Before leaving the subject of Monza and its track race it is worth recording the impression made by the Indianapolis teams and organisation. The most outstanding was the serious manner in which the racing was attacked, the lavishness of the equipment and the soundness of the knowledge possessed by those concerned with the preparation of the cars. One intriguing piece of equipment was a wheel alignment and castor-angle adjustment machine on which the whole car was placed and adjustments made to the various determining angles of the front suspension and steering geometry until the handling of the car suited the track. Naturally, all the American cars were provided with adjustment in their design. In European racing, a car is set up when it is built and if it does not steer too well under certain conditions there is little that can be done about it, the driver just has to suffer with an inferior machine. This equipment was operated by the Bear Equipment Company, who specialise in heavy garage materials and supply this service at race meetings free of charge, also having wheel-balancing machines and similar things available for anyone to use, without question of being under contract or any other hindrance with which European motor-racing is tied.

The supply of tyres brought over by Firestone was of truly gigantic proportions, as were some of the tyres, but it is a tribute to the firm that a large quantity went back to America unused, for tyre trouble was non-existent, and there were certainly no limitations put on the speed of the cars by the tyre company. After their tests earlier in the year they gathered much knowledge of the conditions to be expected at Monza, and designed and built tyres specially for the job, so that the technicians concerned were more than satisfied with the results.

Altogether one felt that these people all knew an awful lot about high-speed motoring, and the whole system by which it is organised is efficient and it is sound business. It appeared honest, open and straight-forward, as distinct front the hole-in-the-corner type of business methods on which European racing is only just surviving.


After complaining last month about the lack of Grand Prix racing we have now had three major Grand Prix races its a row on successive weekends, and it has been wonderful, but the surprising thing was mechanical mortality in the first event. There was a month and a half between the Monaco Grand Prix and the French Grand Prix yet all the teams at Rouen suffered some sort of mechanical bother. The Ferrari team seemed to have lost speed apart from anything else, while one of their cars went out with a faulty magneto. Two of the Maseratis broke engines and the 12-cylinder engine was not going well enough to justify racing it. The Vanwall team suffered a seized steering-column bush and one of the engines showed signs of overheating, while a B.R.M. had universal-joint trouble that should have been eradicated long ago. One would have thought that with six weeks to prepare cars for the French Grand Prix they would all have been faultless, but it was not so, and, apart from all the teams being ready for first practice, the mechanical reliability showed no great advancement over races that follow one week after another.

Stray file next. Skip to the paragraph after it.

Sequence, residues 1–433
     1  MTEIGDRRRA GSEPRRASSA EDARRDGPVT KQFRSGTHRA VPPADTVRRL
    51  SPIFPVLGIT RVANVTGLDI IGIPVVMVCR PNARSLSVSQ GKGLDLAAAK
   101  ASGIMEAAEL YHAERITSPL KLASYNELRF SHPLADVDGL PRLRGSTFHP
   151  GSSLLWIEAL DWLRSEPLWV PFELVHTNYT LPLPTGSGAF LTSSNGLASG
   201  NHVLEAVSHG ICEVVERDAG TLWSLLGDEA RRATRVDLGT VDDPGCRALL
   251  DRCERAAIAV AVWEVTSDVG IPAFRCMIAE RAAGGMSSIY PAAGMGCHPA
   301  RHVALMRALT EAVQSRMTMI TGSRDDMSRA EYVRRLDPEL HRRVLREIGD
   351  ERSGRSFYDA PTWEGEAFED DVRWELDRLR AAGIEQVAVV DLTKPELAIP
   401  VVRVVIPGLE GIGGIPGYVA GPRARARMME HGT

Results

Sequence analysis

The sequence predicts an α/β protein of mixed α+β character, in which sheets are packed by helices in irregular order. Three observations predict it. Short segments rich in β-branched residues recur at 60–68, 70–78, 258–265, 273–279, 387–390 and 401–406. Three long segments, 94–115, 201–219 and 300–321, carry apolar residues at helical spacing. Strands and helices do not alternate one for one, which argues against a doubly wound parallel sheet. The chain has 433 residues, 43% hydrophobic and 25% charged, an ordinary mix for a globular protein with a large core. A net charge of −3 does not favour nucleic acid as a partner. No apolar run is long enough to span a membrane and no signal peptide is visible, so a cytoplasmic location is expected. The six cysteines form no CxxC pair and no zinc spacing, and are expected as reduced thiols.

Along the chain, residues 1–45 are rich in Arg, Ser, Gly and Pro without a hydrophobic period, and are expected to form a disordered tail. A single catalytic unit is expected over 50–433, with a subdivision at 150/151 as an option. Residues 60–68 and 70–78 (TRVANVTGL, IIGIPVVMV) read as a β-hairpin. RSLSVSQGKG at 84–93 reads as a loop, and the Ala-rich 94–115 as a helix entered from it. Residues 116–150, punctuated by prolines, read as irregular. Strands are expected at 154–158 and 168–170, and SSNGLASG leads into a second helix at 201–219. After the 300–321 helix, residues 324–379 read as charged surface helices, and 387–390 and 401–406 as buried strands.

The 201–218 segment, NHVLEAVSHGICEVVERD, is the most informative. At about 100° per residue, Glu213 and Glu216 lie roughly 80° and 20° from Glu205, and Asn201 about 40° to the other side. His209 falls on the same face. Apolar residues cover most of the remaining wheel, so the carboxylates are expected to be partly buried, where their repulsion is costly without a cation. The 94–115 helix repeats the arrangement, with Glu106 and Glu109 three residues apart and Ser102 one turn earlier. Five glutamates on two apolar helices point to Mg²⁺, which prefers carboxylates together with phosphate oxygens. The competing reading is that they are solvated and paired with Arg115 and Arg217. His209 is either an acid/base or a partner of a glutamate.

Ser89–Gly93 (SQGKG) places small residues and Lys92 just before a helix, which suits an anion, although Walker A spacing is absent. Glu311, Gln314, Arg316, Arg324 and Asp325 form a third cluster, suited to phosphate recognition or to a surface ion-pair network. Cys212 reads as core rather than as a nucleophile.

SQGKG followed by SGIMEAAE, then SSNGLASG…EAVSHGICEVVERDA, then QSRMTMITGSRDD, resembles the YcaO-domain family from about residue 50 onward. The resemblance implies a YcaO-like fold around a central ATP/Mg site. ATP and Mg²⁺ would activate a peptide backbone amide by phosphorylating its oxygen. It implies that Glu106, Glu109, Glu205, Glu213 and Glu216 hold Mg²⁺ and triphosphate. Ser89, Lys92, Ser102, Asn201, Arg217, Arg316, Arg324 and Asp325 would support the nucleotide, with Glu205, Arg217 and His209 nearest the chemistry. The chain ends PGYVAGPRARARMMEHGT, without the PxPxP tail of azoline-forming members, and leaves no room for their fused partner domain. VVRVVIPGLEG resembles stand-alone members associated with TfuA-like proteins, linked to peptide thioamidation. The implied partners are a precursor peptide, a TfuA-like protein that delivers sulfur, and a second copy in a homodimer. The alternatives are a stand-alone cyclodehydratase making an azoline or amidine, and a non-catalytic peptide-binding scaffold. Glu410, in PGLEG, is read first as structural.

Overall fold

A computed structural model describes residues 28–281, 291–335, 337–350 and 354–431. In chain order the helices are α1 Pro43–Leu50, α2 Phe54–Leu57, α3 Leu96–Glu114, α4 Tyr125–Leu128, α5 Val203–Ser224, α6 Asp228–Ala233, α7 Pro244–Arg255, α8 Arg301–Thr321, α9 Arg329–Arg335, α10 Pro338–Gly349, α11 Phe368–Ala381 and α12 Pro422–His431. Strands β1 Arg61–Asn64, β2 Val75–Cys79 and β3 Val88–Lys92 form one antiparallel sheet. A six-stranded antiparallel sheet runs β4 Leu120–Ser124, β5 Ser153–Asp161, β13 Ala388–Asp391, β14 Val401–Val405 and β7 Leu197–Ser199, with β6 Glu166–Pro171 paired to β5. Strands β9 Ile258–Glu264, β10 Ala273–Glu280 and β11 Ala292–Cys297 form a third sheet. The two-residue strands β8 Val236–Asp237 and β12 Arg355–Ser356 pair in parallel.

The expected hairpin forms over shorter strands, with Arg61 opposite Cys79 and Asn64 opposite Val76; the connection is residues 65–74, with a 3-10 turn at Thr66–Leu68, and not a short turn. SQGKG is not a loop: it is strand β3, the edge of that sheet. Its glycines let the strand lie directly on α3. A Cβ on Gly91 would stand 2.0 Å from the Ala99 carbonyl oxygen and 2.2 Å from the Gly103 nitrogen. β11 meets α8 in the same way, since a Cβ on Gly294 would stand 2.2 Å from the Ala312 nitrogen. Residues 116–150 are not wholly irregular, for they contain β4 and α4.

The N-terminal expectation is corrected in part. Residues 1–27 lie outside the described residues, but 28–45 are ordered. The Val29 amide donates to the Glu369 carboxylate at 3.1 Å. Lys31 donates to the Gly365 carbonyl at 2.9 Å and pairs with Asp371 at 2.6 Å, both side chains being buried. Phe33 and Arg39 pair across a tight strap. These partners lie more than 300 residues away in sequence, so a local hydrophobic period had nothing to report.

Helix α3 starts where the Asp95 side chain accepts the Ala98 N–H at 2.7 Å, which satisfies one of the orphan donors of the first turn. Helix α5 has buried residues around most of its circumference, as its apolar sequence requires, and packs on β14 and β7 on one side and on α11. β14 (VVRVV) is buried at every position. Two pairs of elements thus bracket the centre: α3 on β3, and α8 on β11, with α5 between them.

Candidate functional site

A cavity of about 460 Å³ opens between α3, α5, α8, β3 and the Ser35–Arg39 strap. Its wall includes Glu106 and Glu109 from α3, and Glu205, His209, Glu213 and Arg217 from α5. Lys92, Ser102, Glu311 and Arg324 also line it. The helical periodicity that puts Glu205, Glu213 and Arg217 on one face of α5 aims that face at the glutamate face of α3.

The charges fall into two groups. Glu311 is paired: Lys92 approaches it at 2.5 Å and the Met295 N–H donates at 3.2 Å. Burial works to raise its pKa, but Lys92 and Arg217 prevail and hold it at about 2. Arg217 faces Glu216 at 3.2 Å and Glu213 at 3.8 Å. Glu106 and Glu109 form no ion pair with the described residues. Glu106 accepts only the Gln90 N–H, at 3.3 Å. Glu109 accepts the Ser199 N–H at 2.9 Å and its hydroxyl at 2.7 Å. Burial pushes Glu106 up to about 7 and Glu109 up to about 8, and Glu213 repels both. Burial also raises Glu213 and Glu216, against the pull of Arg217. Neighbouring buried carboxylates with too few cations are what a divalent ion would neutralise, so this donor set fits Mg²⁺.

With this mechanical unreliability and the frequency of events, the racing departments have been strained to the limit, and cars that have not been used for many months had to be brought back into service. One of the best organised teams now is the Vanwall, having the advantage of a stable design and a building programme that has now reached its objective. With eight Vanwall cars now completed, Mr. Vandervell feels justified in ceasing to make any more of the present model, and in the racing department at Acton there exists probably the best-equipped racing team in Grand Prix racing today. The time must surely be near when they sweep all before them, as Mercedes-Benz did, by sheer weight of numbers and excellence of equipment, for they can now produce freshly prepared cars for every meeting, giving ample time for after-race overhauls.

It is rather ironical that after the starting-money troubles between the manufacturers and the Belgian organisers of the Grand Prix at Spa, it is proposed to hold a sports-car race at the end of August. It is quite on the cards that Ferrari and Maserati will compete, taking part for virtually no starting money, as it is not usual to pay much money for sports cars. It is equally amusing that some drivers will probably go for no money at all, whereas they would cry for the earth if it were a Grand Prix. The classic example of this absurd situation is Le Mans, where factory teams and factory drivers take part with virtual Grand Prix cars, certainly as expensive to build and operate, for no starting money at all, in the vain hope of winning some large prize money. At Aintree it was suggested that the drivers should race for big prize money and have no starting money, and there were cries of dismay. It would seem that Grand Prix organisers are being exploited to support the sports-car organisers, yet a race like Le Mans nets more money than any other in Europe. The whole system of organising motor-racing in Europe is in a very unhappy, unbalanced and unbusiness-like state, but the question is, who is to put it right? The F.I.A. are probably sitting contentedly in Paris thinking everything is all right, whereas in fact there is a lot wrong, but as nobody in racing seems to trust any of their competitors it is unlikely that the mess will be straightened out by those concerned in the mess. — D. S. J.

Mont Ventoux Hill-Climb

As first round in the European Mountain Hill-Climb Championship, the Mont Ventoux event took place on June 30th on the very difficult course from Bedoin to the observatory on the top of the mountain. The Porsche factory team called in on their way back to Stuttgart from Le Mans, using the works 1,500RS models.


21.6 Kilometres — Very Hot

1st: W. Daetwyler (Maserati 200S) 12 min. 39.5 sec.

2nd: U Maglioli (Porsche 1,500) 12 min. 51.0 sec.

3rd: E. Barth (Porsche 1,500) 12 min. 53.0 sec.

4th: A. Buffa (Maserati 200S) 13 min. 25.0 sec.

5th: G. Cabianca (Osca 1,500) 13 min. 28.0 sec.

6th: C. Luglio (Ferrari 250GT) 13 min. 34.0 sec.

Prix De Paris

Run on the combined road and track circuit of 6.3 kilometres the Prix de Paris combined an entry of Formula II cars, sports cars and Gran Turisrno cars all racing together, and from this mixture the Formula II Coopers had little trouble in dominating the event.


Montlhery — 24 Laps — 151 Kilometres

1st: J. Brabbam (Cooper-Climax F2) 1 hr. 2 min. 45.7 sec. — 144.317 k.p.h.

2nd: M. McDowell (Cooper-Climax F2). 

3rd: A. Marsh (Cooper-Climax F2).

4th: I. Bueb (Cooper-Climax F2).

Fastest lap: J. Brabham (Cooper), on third lap — 148.194 k.p.h.